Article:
by Kristofer Creed

Published in Issue No. 165 ~ February, 2011

Their youth shaken,

salt over sands:

futures, minds,

limbs, and eyes,

poured down into

thankless hands.


Laurels – days as hollow as

a tin cup dragged

down spit shined streets

where whorish moans echo through,

every corner’s meet and greet.


Sons of Priam from the street

wave drunken flags

at grim parades

yet never will they join with arms

or slap their backs on hiring day.


A future healer on the ward

grits his teeth and scuffs his shoe

for having to suffer though

another dirty old vet.

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Kristofer Creed is a Gulf War veteran, teacher, and Boston College alumnus. He lives in Central Florida with his wife and children.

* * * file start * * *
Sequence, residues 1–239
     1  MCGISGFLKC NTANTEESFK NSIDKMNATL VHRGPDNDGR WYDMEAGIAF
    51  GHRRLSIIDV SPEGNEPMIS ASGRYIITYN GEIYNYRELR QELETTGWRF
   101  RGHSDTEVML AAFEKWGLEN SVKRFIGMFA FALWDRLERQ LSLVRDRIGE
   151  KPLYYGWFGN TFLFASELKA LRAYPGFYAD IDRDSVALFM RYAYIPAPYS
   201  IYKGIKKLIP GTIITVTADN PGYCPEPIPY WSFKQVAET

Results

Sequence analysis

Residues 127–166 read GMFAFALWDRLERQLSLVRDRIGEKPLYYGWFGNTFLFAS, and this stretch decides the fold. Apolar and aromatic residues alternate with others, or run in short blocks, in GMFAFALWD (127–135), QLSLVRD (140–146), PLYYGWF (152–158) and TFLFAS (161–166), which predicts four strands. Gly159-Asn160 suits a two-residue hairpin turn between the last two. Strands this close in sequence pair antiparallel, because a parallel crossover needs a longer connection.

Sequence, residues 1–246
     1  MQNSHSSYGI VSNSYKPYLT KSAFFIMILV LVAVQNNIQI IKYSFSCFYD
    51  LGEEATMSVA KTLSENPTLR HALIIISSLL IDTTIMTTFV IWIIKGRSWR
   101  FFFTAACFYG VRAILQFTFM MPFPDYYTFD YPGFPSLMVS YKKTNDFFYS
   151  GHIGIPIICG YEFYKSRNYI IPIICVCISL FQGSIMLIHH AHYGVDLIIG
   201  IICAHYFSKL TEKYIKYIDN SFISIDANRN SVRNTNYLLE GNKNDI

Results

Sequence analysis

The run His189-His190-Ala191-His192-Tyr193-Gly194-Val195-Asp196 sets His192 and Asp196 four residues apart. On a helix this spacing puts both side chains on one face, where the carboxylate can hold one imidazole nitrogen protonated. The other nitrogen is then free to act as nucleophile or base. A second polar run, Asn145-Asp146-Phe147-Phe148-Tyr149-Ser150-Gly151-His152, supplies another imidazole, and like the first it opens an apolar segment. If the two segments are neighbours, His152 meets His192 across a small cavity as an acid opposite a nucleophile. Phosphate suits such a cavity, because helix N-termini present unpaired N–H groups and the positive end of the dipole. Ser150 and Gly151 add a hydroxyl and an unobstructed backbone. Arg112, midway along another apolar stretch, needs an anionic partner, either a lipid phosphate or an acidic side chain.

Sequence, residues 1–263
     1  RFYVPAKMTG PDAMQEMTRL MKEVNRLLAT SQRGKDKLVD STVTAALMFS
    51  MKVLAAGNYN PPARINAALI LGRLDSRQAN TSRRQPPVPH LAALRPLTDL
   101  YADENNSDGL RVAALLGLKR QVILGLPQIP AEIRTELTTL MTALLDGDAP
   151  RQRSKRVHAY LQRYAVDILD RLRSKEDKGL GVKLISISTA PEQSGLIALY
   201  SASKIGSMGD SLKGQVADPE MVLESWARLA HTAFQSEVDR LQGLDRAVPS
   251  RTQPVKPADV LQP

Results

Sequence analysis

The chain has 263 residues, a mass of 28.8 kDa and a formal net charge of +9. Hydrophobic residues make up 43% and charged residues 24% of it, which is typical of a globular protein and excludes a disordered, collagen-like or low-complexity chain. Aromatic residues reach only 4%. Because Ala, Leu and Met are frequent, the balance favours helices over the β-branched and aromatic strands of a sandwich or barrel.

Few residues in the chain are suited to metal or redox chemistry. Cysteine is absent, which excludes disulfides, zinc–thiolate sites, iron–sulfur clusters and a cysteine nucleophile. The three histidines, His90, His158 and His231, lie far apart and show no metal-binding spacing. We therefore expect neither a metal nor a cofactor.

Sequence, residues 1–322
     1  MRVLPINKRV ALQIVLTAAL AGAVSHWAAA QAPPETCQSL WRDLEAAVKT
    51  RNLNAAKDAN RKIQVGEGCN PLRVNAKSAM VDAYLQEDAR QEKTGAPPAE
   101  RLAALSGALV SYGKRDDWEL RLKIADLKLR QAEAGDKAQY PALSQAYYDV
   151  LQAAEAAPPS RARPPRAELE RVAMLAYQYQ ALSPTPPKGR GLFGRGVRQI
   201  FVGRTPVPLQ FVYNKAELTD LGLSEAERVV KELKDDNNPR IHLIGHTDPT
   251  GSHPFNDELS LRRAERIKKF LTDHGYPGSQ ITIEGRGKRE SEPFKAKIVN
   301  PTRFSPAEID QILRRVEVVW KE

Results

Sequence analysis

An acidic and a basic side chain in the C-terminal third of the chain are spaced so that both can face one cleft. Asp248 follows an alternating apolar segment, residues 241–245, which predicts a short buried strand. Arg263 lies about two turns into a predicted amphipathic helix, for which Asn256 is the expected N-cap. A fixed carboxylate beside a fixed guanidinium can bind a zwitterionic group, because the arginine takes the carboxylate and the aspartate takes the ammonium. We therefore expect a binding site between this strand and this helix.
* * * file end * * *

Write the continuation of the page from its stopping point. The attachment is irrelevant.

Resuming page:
• Klc12042

    I love you—-didn’t say I understood you!!

  • Craig

    An interesting poem-when were you in, and is this still a wound for you? I ask because I still have my scars over 30 years later.

  • Kris Creed

    Dear Craig,

    Thank you for the feedback. I was in during Desert Storm and for several years after. I can’t say that I’m all that scarred but what disappoints me is seeing the troops today coming back from several tours oversees and having to fight for health care and listening to people spout on about how much they appreciate their service but would never dream of lending them a hand in any meaningful way. So you have kids that have left most of themselves overseas with nothing to show for it but the pride of having served their country and having to compete with peers without such baggage. That’s what I was trying to convey with the poem, to quote Eliot “it is just a piece of rhythmical grumbling.”

    Thank you for taking the time to read it.

    Kris

  • Steve

    Very well done.